Getty ImagesBryn Lennon
The Stanley Cup Playoffs
Professional hockey has gone through a variety of incarnations but the Stanley Cup has always been the prize at the end. Since 1927, no non-NHL teams have played for the cup. It has been a best-of-seven playoff since 1939. Shown here: Patrick Kane and Dustin Byfuglien of the Chicago Blackhawks share the Stanley Cup after the Blackhawks defeated the Philadelphia Flyers 4-3 in overtime to win the Stanley Cup in Game Six of the 2010 NHL Stanley Cup Final on June 9, 2010.
Getty ImagesBruce Bennett
The Super Bowl
The entire American football season comes down to one Sunday, the Super Bowl. In 2014, Super Bowl XLVIII became the most-watched American television program in history. The game has turned into an entertainment specatacle with A-list half-time performances and big speding on advertising. The Super Bowl was first played in 1967. Shown here: Ed Reed of the Baltimore Ravens celebrates with the VInce Lombardi trophy after the Ravens won 34-31 against the San Francisco 49ers during Super Bowl XLVII on February 3, 2013 in New Orleans, Louisiana.
Getty ImagesEzra Shaw
Rugby League World Cup
The Rugby League World Cup tournament is one of the largest international sporting events in the world, surpassed in scale only by the World Cup, the Olympics, and the Tour de France. First held in 1987, it earned a cumulative world television audience of 300 million, by 2007 the world television audience of reached 4 billion. Shown here: Australian captain Cameron Smith (C) of celebrates with team mates and the trophy after the Rugby League World Cup final between New Zealand and Australia.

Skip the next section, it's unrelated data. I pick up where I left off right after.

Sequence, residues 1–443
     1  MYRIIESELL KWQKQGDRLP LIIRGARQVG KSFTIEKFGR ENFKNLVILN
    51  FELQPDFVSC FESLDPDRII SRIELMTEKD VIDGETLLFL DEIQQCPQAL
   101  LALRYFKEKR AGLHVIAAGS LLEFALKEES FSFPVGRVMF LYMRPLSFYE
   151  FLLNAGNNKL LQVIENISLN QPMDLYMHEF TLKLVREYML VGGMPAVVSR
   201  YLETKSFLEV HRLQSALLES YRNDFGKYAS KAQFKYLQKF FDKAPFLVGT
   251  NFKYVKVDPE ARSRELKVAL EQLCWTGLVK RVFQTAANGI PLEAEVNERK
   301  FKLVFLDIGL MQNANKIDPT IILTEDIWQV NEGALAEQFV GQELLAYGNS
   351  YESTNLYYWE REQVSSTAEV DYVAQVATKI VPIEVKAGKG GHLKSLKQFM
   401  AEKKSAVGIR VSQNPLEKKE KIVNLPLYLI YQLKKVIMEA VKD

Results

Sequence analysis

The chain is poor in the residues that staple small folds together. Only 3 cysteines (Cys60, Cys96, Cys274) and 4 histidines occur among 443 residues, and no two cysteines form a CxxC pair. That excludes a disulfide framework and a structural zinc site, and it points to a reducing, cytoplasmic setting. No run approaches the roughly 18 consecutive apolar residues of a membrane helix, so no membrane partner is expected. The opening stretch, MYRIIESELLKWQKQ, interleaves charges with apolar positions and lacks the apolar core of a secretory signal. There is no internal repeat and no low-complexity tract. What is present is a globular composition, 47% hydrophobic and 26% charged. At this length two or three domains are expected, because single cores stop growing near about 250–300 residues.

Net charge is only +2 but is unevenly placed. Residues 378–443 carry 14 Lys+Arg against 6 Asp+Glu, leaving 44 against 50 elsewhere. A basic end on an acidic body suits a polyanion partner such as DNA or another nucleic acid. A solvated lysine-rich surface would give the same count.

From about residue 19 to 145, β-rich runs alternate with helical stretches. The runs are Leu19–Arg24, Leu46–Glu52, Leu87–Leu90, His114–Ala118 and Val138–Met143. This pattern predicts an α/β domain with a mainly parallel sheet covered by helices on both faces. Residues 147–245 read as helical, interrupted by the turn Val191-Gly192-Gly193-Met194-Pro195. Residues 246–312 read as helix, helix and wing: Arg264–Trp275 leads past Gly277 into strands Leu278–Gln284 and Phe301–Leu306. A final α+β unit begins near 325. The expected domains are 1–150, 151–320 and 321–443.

Getty ImagesPaul Thomas
The World Series
Baseball may be America's pastime but the MLB championships are big enough to be called the World Series. After a few different formats, what we know as the modern World Series began in 1903. The best- of-seven series is played in October and is aslo known as the Fall Classic. Shown here: David Ross and Koji Uehara of the Boston Red Sox celebrate defeating the St. Louis Cardinals in Game 6 of the 2013 World Series at Fenway Park on Wednesday, October 30, 2013.
MLB Photos via Getty ImagesBrad Mangin
The NBA Finals
What better way to crown the king of the court than a seven game series. Since 1947, the NBA Finals have determined the top dog in professional basketball. Like many professional sports playoffs, sometimes the hardest thing is just to get to the finals. Shown here: LeBron James of the Miami Heat attempts a shot against Danny Green of the San Antonio Spurs during Game Seven of the 2013 NBA Finals on June 20, 2013.
NBAE/Getty ImagesAndrew D. Bernstein
The Indianapolis 500
The Indianapolis 500 is billed as "The Greatest Spectacle in Racing," and ranks up there as one of the top motor sports events in the world. The inaugural running of the race was held in 1911. The home of Indy 500 is the Indianapolis Motor Speedway, which is considered to be the largest sporting venue in the world with an official capacity of more than 257,000. If you win the 200 lap race, be prepared to swig a bottle of milk, a tradition started in 1936. Of course, modern drivers are offered their choice of whole, 2% or skim. Shown here: Drivers race under the green flag during the Indy 500 on May 29, 2011.